GESTATIONAL SURROGACY LAW RHODE ISLAND
Currently, there are no surrogacy laws in Rhode Island. Every surrogacy case goes through the Chief Judge of Family Court in Providence. Because all surrogacy cases are handled by the same person, the legal process of surrogacy in Rhode Island is very consistent.
Although the following guide can give you a better understanding of the general rules and regulations of surrogacy in Rhode Island, it is not meant to be used as legal advice. It is important to consult with an experienced attorney to guide you through your unique journey.
Below is a list of some of the most frequently asked questions about surrogacy in Rhode Island.
Is Gestational Surrogacy Legal in Rhode Island?
Yes. Surrogacy is legal in Rhode Island, although there are no laws that expressly permit, prohibit, or regulate it. Instead, all surrogacy cases are taken to the same Chief Judge of Family Court.
Despite the lack of Rhode Island surrogacy laws, surrogacy is still commonplace in Rhode Island.
Is Traditional Surrogacy Legal in Rhode Island?
This is unclear. As with gestational surrogacy, there are no traditional surrogacy laws in Rhode Island. In most cases, traditional surrogacy is treated like an adoption, and requires that the surrogate wait at least 15 days after the child’s birth before she can terminate her parental rights and provide her consent to the adoption.
Legally, traditional surrogacy is a complex process and is very rare. Most surrogate attorneys will only complete gestational surrogacies.
Is Compensated Surrogacy Legal in Rhode Island?
Yes. Compensated surrogacy is legal when pursuing gestational surrogacy. Intended parents are permitted to compensate the surrogate for her time and expenses. In addition to their base pay, Surrogates are compensated for their time, the medical risks they accept, and the list of expenses below:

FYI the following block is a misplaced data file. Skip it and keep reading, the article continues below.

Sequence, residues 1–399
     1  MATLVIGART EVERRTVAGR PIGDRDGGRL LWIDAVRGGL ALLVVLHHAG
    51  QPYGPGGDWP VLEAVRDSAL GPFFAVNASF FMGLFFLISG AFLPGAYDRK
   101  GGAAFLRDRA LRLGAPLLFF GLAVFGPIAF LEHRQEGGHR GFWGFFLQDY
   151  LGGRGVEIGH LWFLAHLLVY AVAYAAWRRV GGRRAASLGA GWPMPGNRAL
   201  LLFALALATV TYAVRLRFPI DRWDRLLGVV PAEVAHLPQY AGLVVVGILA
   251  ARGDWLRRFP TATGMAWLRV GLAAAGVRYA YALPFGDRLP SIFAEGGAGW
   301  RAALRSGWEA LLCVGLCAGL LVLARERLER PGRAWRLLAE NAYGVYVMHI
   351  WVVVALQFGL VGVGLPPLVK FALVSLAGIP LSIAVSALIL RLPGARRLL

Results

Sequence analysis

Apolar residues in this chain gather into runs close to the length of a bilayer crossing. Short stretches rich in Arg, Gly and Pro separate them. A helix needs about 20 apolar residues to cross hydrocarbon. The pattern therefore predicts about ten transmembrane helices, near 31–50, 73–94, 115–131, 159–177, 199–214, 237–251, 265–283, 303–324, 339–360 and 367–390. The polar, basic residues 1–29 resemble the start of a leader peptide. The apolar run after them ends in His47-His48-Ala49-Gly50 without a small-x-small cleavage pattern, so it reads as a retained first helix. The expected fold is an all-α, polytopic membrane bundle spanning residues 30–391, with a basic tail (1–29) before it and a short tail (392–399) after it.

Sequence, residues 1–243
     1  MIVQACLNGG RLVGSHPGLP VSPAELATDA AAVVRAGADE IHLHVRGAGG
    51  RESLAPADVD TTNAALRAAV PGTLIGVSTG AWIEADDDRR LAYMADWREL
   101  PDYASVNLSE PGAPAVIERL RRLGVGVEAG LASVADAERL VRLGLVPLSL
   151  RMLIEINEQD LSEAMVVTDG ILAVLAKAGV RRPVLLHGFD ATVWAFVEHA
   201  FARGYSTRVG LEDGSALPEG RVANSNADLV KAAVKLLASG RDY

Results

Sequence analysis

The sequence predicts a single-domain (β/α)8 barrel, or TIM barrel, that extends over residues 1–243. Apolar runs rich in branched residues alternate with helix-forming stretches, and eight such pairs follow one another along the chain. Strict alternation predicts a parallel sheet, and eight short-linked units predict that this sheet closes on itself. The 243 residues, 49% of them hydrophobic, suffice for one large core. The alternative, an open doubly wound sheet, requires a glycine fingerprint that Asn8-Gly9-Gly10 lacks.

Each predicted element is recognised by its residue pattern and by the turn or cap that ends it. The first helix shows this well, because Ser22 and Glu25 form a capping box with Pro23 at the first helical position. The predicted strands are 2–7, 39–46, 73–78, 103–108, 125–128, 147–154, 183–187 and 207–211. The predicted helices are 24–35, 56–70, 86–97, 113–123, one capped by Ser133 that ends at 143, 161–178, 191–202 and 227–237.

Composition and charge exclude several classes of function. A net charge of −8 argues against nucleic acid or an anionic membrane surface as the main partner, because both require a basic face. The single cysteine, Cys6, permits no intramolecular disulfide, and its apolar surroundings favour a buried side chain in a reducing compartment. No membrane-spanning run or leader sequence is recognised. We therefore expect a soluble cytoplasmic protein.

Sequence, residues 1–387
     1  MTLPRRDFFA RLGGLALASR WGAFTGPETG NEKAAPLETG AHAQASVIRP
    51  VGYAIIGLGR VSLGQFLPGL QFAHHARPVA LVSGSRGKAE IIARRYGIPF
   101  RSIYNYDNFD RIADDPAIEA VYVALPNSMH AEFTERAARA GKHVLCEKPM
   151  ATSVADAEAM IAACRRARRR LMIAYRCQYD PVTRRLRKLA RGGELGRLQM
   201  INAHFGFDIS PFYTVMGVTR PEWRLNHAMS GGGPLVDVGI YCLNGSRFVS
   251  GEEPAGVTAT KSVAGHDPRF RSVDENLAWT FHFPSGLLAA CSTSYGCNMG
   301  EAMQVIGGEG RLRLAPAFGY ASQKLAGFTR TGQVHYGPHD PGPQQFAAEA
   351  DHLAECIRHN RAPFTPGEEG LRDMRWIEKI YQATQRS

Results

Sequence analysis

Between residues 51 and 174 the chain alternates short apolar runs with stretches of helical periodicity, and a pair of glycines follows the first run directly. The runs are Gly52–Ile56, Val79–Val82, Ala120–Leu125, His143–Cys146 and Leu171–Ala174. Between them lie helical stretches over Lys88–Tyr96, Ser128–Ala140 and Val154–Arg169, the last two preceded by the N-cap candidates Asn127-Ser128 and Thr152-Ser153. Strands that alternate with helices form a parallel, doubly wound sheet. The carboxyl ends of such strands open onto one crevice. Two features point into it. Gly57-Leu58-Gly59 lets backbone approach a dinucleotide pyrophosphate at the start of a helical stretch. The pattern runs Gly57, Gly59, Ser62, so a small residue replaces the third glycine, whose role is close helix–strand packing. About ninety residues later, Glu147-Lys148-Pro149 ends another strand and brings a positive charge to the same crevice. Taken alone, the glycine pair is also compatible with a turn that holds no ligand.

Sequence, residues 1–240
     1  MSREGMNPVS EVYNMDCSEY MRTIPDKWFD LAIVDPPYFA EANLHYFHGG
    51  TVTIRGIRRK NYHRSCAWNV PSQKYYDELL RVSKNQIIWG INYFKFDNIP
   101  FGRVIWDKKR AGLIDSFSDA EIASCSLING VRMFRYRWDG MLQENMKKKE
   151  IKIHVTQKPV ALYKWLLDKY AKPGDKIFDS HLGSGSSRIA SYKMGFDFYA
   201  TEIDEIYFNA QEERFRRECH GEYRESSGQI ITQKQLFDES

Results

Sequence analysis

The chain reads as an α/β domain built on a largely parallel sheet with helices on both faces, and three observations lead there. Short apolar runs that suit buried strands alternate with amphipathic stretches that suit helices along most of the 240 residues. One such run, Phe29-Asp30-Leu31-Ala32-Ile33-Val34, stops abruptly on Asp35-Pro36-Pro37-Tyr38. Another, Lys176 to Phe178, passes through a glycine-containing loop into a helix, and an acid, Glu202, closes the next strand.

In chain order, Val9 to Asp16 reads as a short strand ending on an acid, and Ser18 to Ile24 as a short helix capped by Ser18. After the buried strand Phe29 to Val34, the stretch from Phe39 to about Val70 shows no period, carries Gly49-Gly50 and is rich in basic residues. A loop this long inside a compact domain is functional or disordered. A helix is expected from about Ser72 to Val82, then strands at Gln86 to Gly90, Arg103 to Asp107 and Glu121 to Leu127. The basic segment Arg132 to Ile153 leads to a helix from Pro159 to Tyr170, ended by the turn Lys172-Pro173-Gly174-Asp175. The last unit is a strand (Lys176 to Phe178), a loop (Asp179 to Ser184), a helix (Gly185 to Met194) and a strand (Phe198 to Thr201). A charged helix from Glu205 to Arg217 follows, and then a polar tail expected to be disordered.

- Mock cycle compensation
- Embryo transfer compensation
- Starting medication compensation
- Monthly allowance for miscellaneous expenses
- Monthly Housekeeping budget
- Maternity clothing budget
- Medical expenses
- Travel to and from clinic/hospital
- Lost wages if applicable
- Child care if bed rest is required
- Term life insurance
- Medical insurance
- Independent legal counsel
- Psychological counseling
- Other depending on agency
Compensated traditional surrogacy; however, has been prohibited in past cases because they are legally viewed as adoptions. Therefore, it is likely that such contracts may be found unenforceable if challenged in a Rhode Island court.
Creating a Rhode Island Surrogacy Contract
Because there are no surrogacy laws in Rhode Island, there are no specific requirements as to what must be included in the contract. However, intended parents and their surrogates must be represented by separate surrogacy attorneys to ensure their individual rights and interests are protected.
These attorneys will negotiate a contract that addresses the following:
- The rights and responsibilities of both parties
- The potential risks and liabilities for both parties
- Agreement on sensitive issues like selective reduction and termination